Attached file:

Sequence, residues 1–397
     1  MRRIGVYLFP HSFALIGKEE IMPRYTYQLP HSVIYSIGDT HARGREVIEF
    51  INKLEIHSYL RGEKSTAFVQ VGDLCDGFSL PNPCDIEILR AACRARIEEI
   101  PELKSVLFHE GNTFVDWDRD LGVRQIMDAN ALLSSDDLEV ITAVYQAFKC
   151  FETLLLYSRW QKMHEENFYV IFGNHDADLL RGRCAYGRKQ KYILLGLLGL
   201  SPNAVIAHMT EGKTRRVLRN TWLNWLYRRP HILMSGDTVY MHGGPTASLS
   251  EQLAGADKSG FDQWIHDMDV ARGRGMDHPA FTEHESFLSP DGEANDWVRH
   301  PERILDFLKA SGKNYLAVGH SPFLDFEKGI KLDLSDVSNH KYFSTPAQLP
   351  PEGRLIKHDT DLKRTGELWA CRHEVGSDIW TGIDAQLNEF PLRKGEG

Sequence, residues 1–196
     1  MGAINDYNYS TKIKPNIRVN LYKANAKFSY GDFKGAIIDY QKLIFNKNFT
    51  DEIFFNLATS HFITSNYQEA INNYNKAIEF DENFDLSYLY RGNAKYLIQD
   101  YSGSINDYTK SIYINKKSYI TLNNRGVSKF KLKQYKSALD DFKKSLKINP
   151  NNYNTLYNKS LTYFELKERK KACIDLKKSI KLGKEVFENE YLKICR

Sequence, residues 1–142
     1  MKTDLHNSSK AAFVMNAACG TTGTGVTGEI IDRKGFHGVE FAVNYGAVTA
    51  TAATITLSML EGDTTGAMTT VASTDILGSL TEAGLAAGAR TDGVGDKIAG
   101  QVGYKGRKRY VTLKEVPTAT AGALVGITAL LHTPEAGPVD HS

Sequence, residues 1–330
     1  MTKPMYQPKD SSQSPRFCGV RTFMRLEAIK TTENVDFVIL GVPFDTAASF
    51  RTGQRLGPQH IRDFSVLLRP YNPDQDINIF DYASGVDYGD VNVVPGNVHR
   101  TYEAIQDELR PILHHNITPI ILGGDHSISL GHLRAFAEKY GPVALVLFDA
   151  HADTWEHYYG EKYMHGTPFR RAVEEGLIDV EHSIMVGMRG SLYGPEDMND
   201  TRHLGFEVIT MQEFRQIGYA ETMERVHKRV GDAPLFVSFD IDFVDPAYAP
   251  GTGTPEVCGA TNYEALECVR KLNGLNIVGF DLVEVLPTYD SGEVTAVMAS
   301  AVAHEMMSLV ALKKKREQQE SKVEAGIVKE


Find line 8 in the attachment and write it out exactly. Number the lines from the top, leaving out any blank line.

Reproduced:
   301  PERILDFLKA SGKNYLAVGH SPFLDFEKGI KLDLSDVSNH KYFSTPAQLP